In late 1912 and early 1913, people all over Britain reported seeing airships in the night sky, yet there were none. It was widely assumed that these “phantom airships” were German Zeppelins, testing British defenses in preparation for the next war. The public and press responses to the phantom airship sightings provide a glimpse of the way that aerial warfare was understood before it was ever experienced in Britain. Conservative newspapers and patriotic leagues used the sightings to argue for a massive expansion of Britain’s aerial forces, which were perceived to be completely out-classed by Germany’s in both number and power. In many ways this airship panic was analogous to the much better known 1909 dreadnought panic. The result was the perfect Edwardian panic: the simultaneous culmination of older fears about Germany and the threat of espionage, invasion, and, above all, the loss of Britain’s naval superiority. But, in reality, there was little understanding about the way that Zeppelins would be used against Britain in the First World War—not to attack its arsenals and dockyards, but to bomb its cities.

As I've said a fair bit about this article already, I won't go on about it any further -- except to add that this is my first illustrated article (apart from maps and figures), and a very rare illustration it is too!

Jeremy Black. The Cold War: A Military History. London and New York: Bloomsbury Academic, 2015. I already have a book with this title (by David Miller) but that was published in 1999, and another half-generation's distant might lend some valuable perspective. The indefatigable Black traces the Cold War all the way back to 1917, perhaps the drawing on the research for his recent book on the interwar period, Avoiding Armageddon (2012).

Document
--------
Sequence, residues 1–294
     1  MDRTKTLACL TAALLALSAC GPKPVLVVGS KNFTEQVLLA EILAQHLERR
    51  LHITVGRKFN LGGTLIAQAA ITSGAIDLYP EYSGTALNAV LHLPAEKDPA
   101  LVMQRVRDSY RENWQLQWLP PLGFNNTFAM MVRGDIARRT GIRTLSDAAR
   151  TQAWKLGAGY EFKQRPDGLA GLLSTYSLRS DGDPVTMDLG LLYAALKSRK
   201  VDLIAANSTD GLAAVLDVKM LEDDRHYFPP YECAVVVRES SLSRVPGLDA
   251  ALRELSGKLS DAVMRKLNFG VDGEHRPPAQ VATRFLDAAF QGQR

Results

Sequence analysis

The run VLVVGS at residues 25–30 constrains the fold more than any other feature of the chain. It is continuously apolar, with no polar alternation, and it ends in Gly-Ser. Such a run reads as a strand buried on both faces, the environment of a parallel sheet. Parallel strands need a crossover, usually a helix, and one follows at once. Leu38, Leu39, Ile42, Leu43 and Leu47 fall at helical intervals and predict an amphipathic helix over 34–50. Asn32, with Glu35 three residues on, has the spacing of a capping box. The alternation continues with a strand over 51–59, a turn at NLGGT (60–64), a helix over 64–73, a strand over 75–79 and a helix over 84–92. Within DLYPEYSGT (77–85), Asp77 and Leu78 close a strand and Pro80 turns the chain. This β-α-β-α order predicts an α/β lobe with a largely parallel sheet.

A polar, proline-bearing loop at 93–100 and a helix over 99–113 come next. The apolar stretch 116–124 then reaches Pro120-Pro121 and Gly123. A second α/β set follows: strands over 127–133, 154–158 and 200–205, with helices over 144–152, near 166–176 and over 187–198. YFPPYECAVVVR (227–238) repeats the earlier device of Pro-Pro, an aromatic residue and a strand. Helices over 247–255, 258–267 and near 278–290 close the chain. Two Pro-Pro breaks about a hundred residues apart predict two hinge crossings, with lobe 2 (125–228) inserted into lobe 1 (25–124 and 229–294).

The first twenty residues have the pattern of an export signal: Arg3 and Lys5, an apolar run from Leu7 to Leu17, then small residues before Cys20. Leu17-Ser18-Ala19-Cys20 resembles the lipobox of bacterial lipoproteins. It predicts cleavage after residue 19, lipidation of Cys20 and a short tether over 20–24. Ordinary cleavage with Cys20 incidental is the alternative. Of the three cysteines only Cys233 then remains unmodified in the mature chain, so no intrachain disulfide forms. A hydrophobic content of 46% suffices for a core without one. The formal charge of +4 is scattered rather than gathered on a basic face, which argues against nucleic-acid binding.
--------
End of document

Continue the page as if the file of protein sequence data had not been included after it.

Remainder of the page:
Michael Bryant. A World History of War Crimes: From Antiquity to the Present. London and New York: Bloomsbury Academic, 2016. China and India appear a couple of dozen times each in the index, so this is a fair attempt at a world history; but inevitably it's dominated by the evolution of war crimes (and of course the legal systems which defined war crimes) in Europe and its sphere of influence.

T.M. Devine. The Scottish Nation: A Modern History. London: Penguin, 2012. A subject I should know more about (among many others).

Lindsey A. Freeman. Longing for the Bomb: Oak Ridge and Atomic Nostalgia. Chapel Hill: University of North Carolina Press, 2015. Part history, part sociology of Atomic City -- Oak Ridge, the site of the world's second self-sustaining nuclear reactor as well as the focus of American postwar nuclear utopianism as well as disillusionment. All of that spells: fun!

Terry Moyle. Art Deco Airports: Dream Designs of the 1920s & 1930s.. London, Chatswood and Auckland: New Holland, 2015. Airports and Art Deco grew up together, so it's no surprise that there are Art Deco airports. Quite a few of them, in fact, from Le Bourget at Paris to Shushan at New Orleans. This is a very attractive, well-illustrated book, but while it's not quite an academic work it is more than a coffee table book, and it has a decent bibliography and endnotes section as well.

Robert M. Neer. Napalm: An American Biography. Cambridge and London: The Belknap Press, 2013. If you buy only one book on napalm, this is the one you want (and maybe the only one there is). We tend to associate napalm with Vietnam and maybe Korea, but of course it was born in the Second World War, where it would have incinerated more Japanese than the atomic bombs did.